Judge Steve Evans is dismayed to see the legacy of Jerry Lewis rearing its head in this nostalgic concert disc.
This pop confection doesn't shine for me anymore.
Gary Lewis and the Playboys perform their best-known hits in this revival concert. Neither the band nor the tunes have aged well in the four decades since they last made the charts. In his heyday, Lewis delivered sturdy, heartfelt vocals on sweet ballads and bubblegum rock. As an oldies act, his nasal whine, shockingly similar to his father's distinctive voice, grates on the nerves in stereo.
But back in the day, specifically 1964, the son of comedian Jerry Lewis inked a contract with Liberty Records and took off like a bottle rocket. Gary and his band scored a number one hit the following year with "This Diamond Ring," a jilted lover's lament and easily the group's best-remembered song. Cash Box magazine named Lewis "Male Vocalist of the Year" in 1965. His reedy vocals beat fellow nominees Frank Sinatra and Elvis Presley.
That was then. Today the best that can be said is that the DVD offers clean audio and video. The camera stays focused on the musicians, with a minimum of distracting cutaways to the audience. Problem is, there's just no getting beyond the cringe-inducing sound of Lewis's voice. Billed as part of the Pop Legends Live concert series, Gary Lewis and the Playboys offers a respectable sampler of the band's music. However, the real value can be seen in the maddeningly brief clips of the group at its peak in 1965, before the ravages of time would dilute their vocals and date their tunes. The DVD might provide a pleasant evening for retirees in the mood for some innocuous nostalgia. Then again, the original lineup has changed quite a bit through the years, with a new guitarist and drummer. Gone is original lead guitarist Tom Tripplehorn, father of actress Jeanne Tripplehorn (Basic Instinct, Very Bad Things). The Playboys are the same band in name only.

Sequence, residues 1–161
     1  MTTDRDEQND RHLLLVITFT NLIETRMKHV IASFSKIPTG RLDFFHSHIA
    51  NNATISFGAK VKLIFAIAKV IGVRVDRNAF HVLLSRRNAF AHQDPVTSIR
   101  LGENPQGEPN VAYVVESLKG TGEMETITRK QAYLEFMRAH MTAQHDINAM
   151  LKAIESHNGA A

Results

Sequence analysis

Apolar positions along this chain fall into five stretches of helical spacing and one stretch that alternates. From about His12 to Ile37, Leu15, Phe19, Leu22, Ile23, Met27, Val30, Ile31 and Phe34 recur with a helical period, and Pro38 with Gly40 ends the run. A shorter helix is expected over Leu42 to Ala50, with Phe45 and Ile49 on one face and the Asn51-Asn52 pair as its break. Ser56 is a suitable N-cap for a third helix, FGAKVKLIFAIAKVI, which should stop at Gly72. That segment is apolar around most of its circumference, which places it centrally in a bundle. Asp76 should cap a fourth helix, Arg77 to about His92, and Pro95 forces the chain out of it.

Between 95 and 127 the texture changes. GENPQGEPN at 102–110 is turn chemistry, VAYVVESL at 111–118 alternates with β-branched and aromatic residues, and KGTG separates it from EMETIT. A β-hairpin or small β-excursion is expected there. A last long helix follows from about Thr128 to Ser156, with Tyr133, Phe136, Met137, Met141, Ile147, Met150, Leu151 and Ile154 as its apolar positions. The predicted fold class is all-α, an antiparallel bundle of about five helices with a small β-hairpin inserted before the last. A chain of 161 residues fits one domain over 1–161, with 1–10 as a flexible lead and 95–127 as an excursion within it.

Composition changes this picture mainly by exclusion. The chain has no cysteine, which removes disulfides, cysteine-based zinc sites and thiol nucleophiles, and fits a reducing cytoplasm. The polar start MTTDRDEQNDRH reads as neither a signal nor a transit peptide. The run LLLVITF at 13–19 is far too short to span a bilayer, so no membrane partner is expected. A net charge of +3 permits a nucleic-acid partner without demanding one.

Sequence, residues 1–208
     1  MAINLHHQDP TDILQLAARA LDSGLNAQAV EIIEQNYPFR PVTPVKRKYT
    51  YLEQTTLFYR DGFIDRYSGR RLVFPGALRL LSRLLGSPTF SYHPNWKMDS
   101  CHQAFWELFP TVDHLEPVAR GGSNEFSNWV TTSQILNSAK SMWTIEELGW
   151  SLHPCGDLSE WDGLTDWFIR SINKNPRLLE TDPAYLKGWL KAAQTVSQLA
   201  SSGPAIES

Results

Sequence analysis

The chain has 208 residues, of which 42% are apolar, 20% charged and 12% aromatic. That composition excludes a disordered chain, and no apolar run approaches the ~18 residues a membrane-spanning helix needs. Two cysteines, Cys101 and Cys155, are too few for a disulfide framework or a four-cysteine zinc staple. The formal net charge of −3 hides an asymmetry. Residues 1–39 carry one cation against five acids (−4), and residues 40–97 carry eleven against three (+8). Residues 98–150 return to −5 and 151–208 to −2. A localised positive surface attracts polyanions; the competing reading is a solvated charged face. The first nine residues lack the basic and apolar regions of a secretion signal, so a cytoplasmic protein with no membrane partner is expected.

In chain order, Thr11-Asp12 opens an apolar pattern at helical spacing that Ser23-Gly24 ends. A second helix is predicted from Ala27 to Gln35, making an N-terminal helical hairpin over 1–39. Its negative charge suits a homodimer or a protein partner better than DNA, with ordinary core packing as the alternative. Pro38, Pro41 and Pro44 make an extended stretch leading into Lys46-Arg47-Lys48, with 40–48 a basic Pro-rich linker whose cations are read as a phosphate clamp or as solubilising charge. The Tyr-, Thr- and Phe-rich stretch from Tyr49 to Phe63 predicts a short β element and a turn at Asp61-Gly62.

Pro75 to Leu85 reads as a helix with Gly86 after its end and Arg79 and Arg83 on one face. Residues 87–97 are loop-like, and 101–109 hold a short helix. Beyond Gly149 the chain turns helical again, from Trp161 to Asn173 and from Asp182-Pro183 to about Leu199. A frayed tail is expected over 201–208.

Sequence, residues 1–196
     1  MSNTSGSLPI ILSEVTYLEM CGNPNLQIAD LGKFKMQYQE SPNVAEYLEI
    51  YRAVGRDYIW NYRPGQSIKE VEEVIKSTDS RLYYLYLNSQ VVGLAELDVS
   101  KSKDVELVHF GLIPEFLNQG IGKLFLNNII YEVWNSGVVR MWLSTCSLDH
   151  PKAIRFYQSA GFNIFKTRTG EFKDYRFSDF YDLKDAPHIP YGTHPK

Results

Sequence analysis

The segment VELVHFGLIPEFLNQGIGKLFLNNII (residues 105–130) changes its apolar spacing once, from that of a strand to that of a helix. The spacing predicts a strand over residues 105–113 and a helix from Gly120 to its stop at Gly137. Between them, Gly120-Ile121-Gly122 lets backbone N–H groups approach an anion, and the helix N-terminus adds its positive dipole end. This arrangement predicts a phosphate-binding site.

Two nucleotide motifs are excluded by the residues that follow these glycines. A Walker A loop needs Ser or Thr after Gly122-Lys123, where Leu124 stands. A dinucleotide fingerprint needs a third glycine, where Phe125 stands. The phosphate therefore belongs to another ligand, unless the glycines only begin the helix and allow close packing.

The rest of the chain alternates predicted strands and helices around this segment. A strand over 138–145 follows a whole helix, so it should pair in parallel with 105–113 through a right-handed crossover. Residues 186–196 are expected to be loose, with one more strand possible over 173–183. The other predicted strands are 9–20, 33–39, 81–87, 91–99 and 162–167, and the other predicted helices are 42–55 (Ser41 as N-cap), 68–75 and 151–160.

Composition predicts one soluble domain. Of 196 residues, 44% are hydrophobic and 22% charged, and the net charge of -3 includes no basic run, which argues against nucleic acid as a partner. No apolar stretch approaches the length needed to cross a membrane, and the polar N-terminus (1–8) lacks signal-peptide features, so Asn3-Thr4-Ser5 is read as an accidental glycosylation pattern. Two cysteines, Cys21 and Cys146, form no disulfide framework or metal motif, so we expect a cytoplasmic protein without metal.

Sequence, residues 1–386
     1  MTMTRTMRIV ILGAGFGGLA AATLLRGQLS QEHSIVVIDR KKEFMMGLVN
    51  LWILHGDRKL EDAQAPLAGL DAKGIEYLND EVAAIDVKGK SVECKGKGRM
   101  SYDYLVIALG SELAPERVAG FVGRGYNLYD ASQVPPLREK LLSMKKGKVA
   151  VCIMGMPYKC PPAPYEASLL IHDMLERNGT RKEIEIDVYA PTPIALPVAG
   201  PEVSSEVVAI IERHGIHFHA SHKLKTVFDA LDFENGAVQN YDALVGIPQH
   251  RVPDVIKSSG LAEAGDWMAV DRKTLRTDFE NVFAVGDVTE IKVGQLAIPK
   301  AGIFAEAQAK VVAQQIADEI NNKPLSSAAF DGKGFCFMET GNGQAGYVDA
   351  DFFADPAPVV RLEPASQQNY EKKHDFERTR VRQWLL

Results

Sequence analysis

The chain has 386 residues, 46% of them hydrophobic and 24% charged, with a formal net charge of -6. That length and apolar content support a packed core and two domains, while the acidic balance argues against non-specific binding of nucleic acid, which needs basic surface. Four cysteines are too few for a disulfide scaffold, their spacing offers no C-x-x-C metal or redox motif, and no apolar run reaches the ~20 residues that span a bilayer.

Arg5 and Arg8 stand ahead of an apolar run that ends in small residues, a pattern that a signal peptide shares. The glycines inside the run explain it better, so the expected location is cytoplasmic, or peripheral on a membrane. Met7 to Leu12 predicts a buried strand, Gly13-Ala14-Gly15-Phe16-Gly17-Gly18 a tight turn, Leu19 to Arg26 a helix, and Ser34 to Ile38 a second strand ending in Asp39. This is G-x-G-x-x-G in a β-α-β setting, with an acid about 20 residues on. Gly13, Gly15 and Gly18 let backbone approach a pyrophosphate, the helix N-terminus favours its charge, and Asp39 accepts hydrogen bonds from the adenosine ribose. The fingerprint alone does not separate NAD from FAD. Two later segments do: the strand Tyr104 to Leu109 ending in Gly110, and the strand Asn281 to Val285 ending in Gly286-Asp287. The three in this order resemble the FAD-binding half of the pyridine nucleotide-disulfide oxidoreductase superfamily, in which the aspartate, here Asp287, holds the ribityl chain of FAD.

"A Conversation with Gary Lewis" is the lone extra on the disc. This material was apparently culled from a much longer interview, highlights of which are interspersed with the concert footage on the main program. Among the revelations, the singer says John Lennon was his favorite Beatle.
Reminiscing about the glory days, Lewis recalls his father's encouragement and shares some of the strategies that even the son of a celebrity had to follow to score AM radio airplay. The interview is punctuated with video of father and son from the early 1950s and a clip of Gary and his band playing the Ed Sullivan show. Turns out the front man for Gary Lewis and the Playboys was originally the drummer. On this oldies tour, he's moved to front and center on rhythm guitar. In concert the old exuberance is still there—it never seems like Lewis & Co. are just going through the motions—yet there's something vaguely creepy about a man in his late fifties warbling about Little Miss Go Go while shaking his ass in black-leather pants.
Of the 11 tracks on this disc, Lewis was a cowriter on two. Leon Russell (!) collaborated on more than half the songs included here—all written 40-plus years ago—a surprising bit of trivia that illustrates the value of sticking through the closing credits.
Gary Lewis and the Playboys still tour. His official web site (linked in the sidebar) lists more than a dozen dates slated nationwide through the end of this year. So let us be clear: No one begrudges an aging pop star's desire to earn a few bucks and take another bow in the twilight of his career. But only the most devoted pop music fan should feel compelled to trade money for this disc.
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